Tuesday, June 4, 2013

That Metallic Taste

Tom Schreck writes the Duffy Dombrowski Mysteries

I was doing some editing and I came across something I wrote.

My character Duffy took a shot and got knocked out. When he came to he noticed the familiar metallic taste of blood in his mouth.

I stopped for a second and reread “metallic taste.” I’ve fought for years and have bled in the mouth. The  most recent time was two weeks ago, though I took a shot far less dramatic than Duff.

Why did I describe the taste as metallic? I gave it a little thought and came to the answer quite quickly.

Because I read that blood tastes metallic.

I’ve never sucked on a steel lozenger or licked a metal pipe like the kid in A Christmas Story, so how did I know blood tasted metallic.

I’ve also read about the smell of cordite after a gun has been shot. I’ve written that too and am embarrassed to say I have no idea if that happens or if it has a distinctive smell. In other words I was bullshitting.

Stephen King says you can write about anything as long as it is true. Neither of these were true for me. I’m at my best when I take the time to come up with my own descriptions not what has been ingrained in me from others.

I should be original and authentic and I should work on my own descriptions even though it takes more work. The writing will be better.

Am I alone here? Do you sometimes phone it in because you can? Do you really on tried and true descriptions of things that you've never really experienced?

Does it cause problems?

I'd really like to know.


  1. Yeah, I found out from Lee Lofland that the cordite thing is false (cordite hasn't been used since the Civil War, I guess), so now I just use some vague notion of a gunshot odor that no one seems to mind.

    As far as the metallic taste: I actually have tasted metal. I'd like to say it was in my youth, but if I'm juggling a bunch of stuff, my key ring often goes into my mouth so I won't drop the keys. Does blood taste like my key ring? Kinda. They have the same sharpness to them, I think. I could still use metallic terms to describe the taste of blood and feel confident.

    As to everything else, though, I just make crap up. ;-)

  2. What does blood taste like? What does fresh cut grass smell like? I struggle to describe unique sensory details, but I never stop trying to be fresh and accurate. Thanks for the post. I'll be looking at my manuscript with a more critical eye today.

  3. When I "try to phone it in" and recognize my fingers punching the numbers, I really try to come up with some fresh way to say something. The trick is to catch it like you did.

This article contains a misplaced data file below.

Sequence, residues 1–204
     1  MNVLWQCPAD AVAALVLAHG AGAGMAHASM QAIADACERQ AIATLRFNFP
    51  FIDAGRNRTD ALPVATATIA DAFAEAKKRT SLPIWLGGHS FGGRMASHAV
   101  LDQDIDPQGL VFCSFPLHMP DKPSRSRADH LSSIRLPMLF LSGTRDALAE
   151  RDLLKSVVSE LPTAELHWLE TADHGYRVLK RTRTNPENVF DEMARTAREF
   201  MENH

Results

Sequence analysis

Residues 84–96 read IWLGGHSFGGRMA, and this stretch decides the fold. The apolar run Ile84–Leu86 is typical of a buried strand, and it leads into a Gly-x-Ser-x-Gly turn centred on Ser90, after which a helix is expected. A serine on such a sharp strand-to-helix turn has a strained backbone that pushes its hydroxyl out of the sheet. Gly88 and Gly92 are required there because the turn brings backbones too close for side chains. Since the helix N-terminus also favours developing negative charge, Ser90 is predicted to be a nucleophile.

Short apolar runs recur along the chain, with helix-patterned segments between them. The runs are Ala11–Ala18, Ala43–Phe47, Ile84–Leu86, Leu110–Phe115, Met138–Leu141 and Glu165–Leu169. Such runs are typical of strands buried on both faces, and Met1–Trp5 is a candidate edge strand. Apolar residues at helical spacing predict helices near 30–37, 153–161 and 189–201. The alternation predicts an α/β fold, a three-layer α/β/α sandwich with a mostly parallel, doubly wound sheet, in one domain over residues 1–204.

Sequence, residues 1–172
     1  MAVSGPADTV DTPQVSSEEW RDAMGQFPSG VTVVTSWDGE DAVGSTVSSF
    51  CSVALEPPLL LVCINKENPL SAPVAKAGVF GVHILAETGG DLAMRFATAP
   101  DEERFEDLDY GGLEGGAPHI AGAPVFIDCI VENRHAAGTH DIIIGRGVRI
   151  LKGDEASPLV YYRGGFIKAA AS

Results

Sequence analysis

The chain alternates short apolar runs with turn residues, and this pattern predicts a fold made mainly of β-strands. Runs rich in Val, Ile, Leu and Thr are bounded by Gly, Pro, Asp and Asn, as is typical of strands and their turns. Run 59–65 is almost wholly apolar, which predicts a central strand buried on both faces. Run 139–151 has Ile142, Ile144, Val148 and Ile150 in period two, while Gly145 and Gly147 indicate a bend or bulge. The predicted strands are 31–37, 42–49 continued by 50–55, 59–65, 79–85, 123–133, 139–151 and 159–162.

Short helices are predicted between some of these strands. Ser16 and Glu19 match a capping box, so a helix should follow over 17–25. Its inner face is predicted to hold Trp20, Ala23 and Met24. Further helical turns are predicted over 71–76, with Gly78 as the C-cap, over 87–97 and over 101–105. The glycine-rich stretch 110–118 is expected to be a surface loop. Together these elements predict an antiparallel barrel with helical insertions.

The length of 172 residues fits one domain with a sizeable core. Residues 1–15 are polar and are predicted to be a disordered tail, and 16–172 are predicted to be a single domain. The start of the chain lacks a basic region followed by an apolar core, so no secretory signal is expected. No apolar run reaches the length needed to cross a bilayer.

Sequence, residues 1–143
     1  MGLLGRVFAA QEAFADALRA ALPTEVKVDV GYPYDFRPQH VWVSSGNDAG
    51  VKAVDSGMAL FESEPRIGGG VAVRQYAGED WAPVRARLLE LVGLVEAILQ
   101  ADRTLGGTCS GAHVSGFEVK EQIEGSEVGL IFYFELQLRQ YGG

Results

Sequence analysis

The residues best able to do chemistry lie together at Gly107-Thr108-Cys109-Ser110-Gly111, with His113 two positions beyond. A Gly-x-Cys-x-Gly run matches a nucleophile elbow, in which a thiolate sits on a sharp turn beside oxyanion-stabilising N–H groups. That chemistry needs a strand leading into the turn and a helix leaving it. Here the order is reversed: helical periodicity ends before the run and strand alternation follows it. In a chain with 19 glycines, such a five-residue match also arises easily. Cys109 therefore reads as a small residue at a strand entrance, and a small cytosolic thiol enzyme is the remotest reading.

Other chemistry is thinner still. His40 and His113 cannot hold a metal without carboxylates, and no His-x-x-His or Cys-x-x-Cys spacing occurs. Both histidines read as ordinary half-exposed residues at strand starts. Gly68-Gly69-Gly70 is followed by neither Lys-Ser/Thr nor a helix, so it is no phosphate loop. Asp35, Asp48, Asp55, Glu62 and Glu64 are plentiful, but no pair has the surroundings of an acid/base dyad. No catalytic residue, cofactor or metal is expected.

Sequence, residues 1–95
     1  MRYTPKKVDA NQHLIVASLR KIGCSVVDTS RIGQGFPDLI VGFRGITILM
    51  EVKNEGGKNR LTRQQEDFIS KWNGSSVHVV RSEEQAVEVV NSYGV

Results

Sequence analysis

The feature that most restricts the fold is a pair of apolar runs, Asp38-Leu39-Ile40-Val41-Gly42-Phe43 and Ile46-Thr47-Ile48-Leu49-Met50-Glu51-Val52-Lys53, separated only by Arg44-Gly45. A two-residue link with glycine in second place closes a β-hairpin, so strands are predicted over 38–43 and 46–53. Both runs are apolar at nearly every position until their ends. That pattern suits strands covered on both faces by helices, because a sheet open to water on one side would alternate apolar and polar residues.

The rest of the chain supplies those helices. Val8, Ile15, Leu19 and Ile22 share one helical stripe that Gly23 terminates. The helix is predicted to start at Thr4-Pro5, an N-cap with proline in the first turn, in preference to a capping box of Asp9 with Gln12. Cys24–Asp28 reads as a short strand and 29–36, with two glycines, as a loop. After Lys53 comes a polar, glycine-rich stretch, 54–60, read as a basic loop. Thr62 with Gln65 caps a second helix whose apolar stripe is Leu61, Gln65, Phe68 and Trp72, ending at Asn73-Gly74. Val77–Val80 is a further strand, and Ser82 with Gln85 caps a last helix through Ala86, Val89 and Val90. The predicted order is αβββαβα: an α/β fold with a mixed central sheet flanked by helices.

4. One of my classmates in medical school determined to drink until he passed out, asking how he could expect to treat a hangover if he'd never had one. My response was that it was a good thing he wasn't going into OB. (He ended up as a psychiatrist).

    So, yes, I think we sometimes have to depend on descriptions from others of what we write about.

  5. It seems to me, Tom, that you're raising three issues:
    1) How do we keep descriptions fresh? (Let's avoid Orwell's dying metaphors.) Peg and L.J. responded to the continual struggle to avoid the cliched and hackneyed.
    2) How do we keep descriptions accurate? If we have direct experience, we can draw on that. But we write about things we haven't, won't and often don't want to experience. Here we must rely on the imaginative faculty and
    2a) How do we research? (Maybe this last is a concession to my own background.) When I was working on my first published novel, I spent hours studying Louisiana inheritance law and the definition of undue influence as well as talking with (picking the brains of a lawyer). If I want to write about the feelings of a woman - I'm reminded of Stephen King's description of how his wife Tabitha saved "Carrie" from the garbage can and provided the research for the feelings and experiences of adolescent females.
    3) How do stop ourselves from "phoning it in"? (Wonder when that expression will become a head-scratcher.) Well, we don't, not in composition or draft mode. That's what revision and editing and editors (Hi, Jodie!) are for. Which is also the point, Tom - because that's when you caught it.


  6. I've actually tasted my own blood (I've been hit in the head a few times over the years), and it did indeed taste metallic. Because I'm such a research geek, I looked it up and found that it's caused by the iron, and if you bleed enough, it tastes like copper.

    Maybe you have iron poor blood?


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